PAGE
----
“Great,” he rolled his sleeves up and approached the canvas he had painted over the night before as if he intended to fight it. “Now we’re handing out birth names like candy, are we?”
“You’re just grumpy because you’ve got a hangover,” I told him as I poured grains into a pot and set them to boil over the cooker. “You’ll feel better once you’ve eaten.”
“I don’t eat in the morning,” he examined several paintbrushes before finding one that met his requirements. He blended colour squeezed from a tube onto a piece of wood.
“Have you always painted?” I ignored his attitude.
“Yes,” he didn’t look at me. “It’s what I do.”
“Obviously,” I found some dried sultanas and added them to the grains. “It could use milk,” I served the grains in a bowl. “But your people don’t tend to like it, anyway.” I took the paintbrush from his hand and put the bowl in it instead. He transferred his grip on the bowl to his bionic arm. It looked awkward, I noted, and wondered if the neural transmitter was working correctly.
I dropped the paintbrush into a jar of water, and he made a sound of protest, and then scowled at me. “And how did you end up being assigned as my house maid?” he asked snidely. I found some honey in the cupboard and scooped some over his grains. He looked perplexed by the addition.
“I was at the shield outpost,” I told him. “Wilder’s outpost.”
“Obviously,” he used the word back to me in much the same tone of voice.
“I haven’t found a mate,” I watched his face change when he tried the grains. “Honey is good, hm? I got tired of being unsuccessfully sniffed,” I tried for levity, but wasn’t quite able to take the frustration from my tone. “And decided to try getting along without a shield.”
He arched his eyebrows. “Went well?” he said with open sarcasm.
“Oh, very well,” I pulled a face. “I studied with the Arcana for a while, trying to develop alternatives... Lots of meditation; they’re very big on meditation. But the telepathic madness is unforgiving, and once you fall into it... well, it is not so easy to find your way out again. Nexus told Wilder he was looking for a telepath... And I was volunteered. I guess I was too much trouble,” I shrugged with feigned indifference. “You’re not looking for a mate, and neither am I.”
He considered me as he ate his grains. “So, what? You’re going to clean the house?”
“It wouldn’t hurt you to give it a go yourself occasionally,” I suggested with an edge of tartness. “I’m not here to be your house maid, but I have to live here too, so, yes, I’ll give it a clean. But then, you’re going to have to pull your weight. Starting with this kitchen. You broke it, you fix it.”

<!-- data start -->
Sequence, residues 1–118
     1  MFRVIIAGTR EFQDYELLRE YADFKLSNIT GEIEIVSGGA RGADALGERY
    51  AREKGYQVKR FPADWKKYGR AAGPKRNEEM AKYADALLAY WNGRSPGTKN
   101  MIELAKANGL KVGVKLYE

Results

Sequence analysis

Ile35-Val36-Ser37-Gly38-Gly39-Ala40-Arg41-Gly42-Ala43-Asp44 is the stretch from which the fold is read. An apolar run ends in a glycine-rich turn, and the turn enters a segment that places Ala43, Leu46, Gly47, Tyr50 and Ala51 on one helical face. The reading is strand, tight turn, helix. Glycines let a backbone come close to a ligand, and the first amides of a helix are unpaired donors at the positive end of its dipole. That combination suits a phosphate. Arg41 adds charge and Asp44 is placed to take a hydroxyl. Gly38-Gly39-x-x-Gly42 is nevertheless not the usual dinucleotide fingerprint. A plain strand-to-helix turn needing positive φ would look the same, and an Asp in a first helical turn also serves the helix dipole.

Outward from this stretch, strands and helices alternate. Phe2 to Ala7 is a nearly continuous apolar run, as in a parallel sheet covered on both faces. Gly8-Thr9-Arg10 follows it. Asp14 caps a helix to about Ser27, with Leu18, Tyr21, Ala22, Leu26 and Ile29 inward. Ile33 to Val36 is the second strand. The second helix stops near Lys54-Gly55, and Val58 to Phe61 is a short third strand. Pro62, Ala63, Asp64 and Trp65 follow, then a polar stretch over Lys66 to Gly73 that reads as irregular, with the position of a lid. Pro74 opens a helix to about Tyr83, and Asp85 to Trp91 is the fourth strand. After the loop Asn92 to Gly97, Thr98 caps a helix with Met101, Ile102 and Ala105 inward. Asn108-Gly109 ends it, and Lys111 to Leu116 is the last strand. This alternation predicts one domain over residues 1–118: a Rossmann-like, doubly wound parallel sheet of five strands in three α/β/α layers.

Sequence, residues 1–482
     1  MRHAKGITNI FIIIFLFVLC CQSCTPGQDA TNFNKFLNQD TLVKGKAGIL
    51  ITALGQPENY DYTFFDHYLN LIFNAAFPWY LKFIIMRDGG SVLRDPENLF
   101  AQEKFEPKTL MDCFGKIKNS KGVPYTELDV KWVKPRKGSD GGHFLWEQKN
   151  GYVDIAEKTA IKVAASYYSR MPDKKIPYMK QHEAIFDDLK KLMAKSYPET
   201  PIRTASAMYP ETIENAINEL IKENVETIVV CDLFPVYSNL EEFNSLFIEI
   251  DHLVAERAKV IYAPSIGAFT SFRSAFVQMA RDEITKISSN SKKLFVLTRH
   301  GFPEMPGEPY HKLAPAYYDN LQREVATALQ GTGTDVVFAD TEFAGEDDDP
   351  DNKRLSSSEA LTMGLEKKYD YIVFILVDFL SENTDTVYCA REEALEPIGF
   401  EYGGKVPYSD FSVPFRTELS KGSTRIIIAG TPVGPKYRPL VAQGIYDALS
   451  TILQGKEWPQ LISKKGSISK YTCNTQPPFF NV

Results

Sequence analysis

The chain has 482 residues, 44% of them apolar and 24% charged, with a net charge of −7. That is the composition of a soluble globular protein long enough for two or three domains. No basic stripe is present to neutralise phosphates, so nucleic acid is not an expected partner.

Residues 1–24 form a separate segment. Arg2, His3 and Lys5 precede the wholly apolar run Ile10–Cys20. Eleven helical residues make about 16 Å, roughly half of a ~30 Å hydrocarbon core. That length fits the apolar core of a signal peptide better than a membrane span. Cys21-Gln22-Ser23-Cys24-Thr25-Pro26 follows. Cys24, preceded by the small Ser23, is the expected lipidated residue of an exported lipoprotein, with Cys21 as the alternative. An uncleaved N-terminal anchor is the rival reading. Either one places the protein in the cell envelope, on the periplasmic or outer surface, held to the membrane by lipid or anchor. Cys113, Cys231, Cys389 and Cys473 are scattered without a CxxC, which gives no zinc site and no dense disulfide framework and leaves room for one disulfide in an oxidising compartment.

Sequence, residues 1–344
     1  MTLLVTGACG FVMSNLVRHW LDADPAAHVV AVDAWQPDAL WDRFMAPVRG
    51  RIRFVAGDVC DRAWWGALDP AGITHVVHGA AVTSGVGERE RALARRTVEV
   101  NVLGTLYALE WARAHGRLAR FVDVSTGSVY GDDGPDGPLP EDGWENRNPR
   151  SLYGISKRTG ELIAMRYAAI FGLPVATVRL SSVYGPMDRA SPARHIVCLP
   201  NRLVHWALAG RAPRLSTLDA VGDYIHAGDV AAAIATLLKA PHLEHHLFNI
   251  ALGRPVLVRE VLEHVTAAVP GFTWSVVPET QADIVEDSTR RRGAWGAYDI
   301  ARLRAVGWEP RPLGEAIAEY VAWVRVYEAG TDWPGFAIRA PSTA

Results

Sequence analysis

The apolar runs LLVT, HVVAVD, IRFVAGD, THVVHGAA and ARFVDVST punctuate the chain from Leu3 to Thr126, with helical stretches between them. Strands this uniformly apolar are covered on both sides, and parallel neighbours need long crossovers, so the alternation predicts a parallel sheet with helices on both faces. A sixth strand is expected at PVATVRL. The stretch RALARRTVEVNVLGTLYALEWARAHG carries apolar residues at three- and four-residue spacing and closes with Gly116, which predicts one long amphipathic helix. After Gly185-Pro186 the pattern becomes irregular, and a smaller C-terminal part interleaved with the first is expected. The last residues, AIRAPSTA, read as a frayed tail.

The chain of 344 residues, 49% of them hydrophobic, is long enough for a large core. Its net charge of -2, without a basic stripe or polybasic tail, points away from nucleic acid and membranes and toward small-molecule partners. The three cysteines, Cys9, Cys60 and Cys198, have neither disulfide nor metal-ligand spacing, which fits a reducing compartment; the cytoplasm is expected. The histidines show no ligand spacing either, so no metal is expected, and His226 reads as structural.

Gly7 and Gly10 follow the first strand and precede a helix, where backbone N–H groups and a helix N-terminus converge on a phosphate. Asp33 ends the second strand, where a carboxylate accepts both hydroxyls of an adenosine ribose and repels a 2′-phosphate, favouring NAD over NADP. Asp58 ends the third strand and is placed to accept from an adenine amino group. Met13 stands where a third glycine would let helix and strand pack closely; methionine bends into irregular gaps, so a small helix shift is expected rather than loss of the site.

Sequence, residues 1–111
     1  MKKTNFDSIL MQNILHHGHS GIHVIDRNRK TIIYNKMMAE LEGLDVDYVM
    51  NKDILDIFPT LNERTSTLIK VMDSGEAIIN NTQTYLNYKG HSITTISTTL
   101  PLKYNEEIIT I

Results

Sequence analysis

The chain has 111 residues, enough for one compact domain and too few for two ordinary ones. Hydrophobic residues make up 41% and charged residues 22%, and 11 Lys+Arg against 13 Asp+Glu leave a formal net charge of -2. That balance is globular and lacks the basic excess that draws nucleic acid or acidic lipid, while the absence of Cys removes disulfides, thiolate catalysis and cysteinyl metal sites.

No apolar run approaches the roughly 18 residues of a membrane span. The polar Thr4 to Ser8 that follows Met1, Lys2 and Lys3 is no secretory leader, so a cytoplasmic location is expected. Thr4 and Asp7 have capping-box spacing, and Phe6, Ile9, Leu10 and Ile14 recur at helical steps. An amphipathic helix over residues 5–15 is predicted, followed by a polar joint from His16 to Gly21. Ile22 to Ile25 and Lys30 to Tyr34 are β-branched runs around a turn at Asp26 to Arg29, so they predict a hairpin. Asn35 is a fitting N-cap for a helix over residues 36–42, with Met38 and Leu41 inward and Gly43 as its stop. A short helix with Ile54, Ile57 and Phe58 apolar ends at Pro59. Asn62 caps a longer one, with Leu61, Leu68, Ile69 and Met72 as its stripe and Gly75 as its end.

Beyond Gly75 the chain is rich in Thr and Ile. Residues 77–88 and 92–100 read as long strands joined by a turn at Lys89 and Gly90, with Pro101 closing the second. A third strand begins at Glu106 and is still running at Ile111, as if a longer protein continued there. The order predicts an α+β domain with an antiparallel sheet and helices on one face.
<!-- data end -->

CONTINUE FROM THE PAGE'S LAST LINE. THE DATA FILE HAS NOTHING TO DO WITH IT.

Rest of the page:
“My house,” he frowned at me. “If I want it broken, it’ll stay that way.”
“Sure, keep telling yourself that,” I smiled sweetly at him. “I’ll give you a week to get doors back on the kitchen.”
“Or what?” he was taken aback, but also leaning towards amusement.
“We’ll see.” I did not have any retaliation but did not want to admit as much. I took his empty bowl from him and went into the kitchen to wash up.
He returned to his painting. The grip on his arm was not right, I thought, watching him through my eyelashes. How long had he lived with it like that? How long had they left him to wallow in his grief in this house, alone? My heart ached for him.
I went around the ground floor unlocking and opening the windows, before going out into the garden. I might feel sorry for him, but I was not about to risk him locking me out again.
“It’s about time this garden was taken in hand,” the woman from next door was hanging washing out over her porch. “It’s an eyesore, and I worry about snakes coming into my yard over the warm season.”
“I was contemplating starting a decorative weed garden,” I replied to her pleasantly. “The purple ones are really quite pretty, and I believe they’re edible. Thistle soup. Thistle pie? I’m not sure how to serve them to their best advantage, but I’m sure I will work it out.”
She regarded me, puzzled. “You’re joking, aren’t you?” she replied uncertainly.
“I must be,” I gave her a bright smile. “It would be crazy of me, otherwise.”
She smiled back, unnerved, and returned to her house.
I continued working until half the garden at least looked as if someone cared to try. I went into the kitchen and washed my hands at the sink. He did not look up at me, his attention focussed minutely on the painting. She was laughing, looking over a bare shoulder, her hair tumbled around her face. She was beautiful, as much for the radiance and love on her face as any feature she possessed.
I wondered what it would be like to be loved so much that someone would paint me in such a way and felt the tragedy of his loss like a fist around my heart. To have loved someone so much, and lost them, would be unbearable.
I reheated the soup I had made the day before and left a bowl near his feet before returning to the garden to finish my work. The bowl was empty when I reclaimed it, and the woman was taking on details. “She’s beautiful,” I told him.
He nodded, and did not reply, but I saw him swallow, heavily. The grief was raw on his face as he looked at the painting he had made of her.
I sat on the front steps of the porch and watched the sun set, before going in and frying rations over the cooker for the evening meal. “I need to get some supplies,” I told him, placing the bowl to the side of him as I had the soup earlier. “Half your food is rotten.”
He did not respond, enraptured with his painting. I went upstairs and showered. When I returned down, his bowl was empty. I washed it up, and bade him goodnight, before going to bed. I woke in the early hours of the morning and went downstairs. He was sleeping, propped up against the wall, a glass of wine beside him, half drunk. I put it and the bottle on the kitchen surface and nudged him.
He woke, looking at me blearily. “What?” he was irritated that I had woken him.
“Go upstairs to bed,” I told him. “You can’t get a proper sleep like this.”
He stood, groaning and leaning against the wall, and made his way upstairs, his movements heavy and clumsy. I regarded the painting as the floorboards overhead creaked with his movements. “He loved you, very much,” I told her, before turning out the lights. He had to have loved her, very much, I thought, to paint her like that.
I wondered what had happened to them. Were his injuries received at the same time as she had died? Not the Arcanan war; there was no reason for her to be there. The rebel attacks on Vaelyn City, or an accident, I decided.
The lights were off in his room when I returned to mine.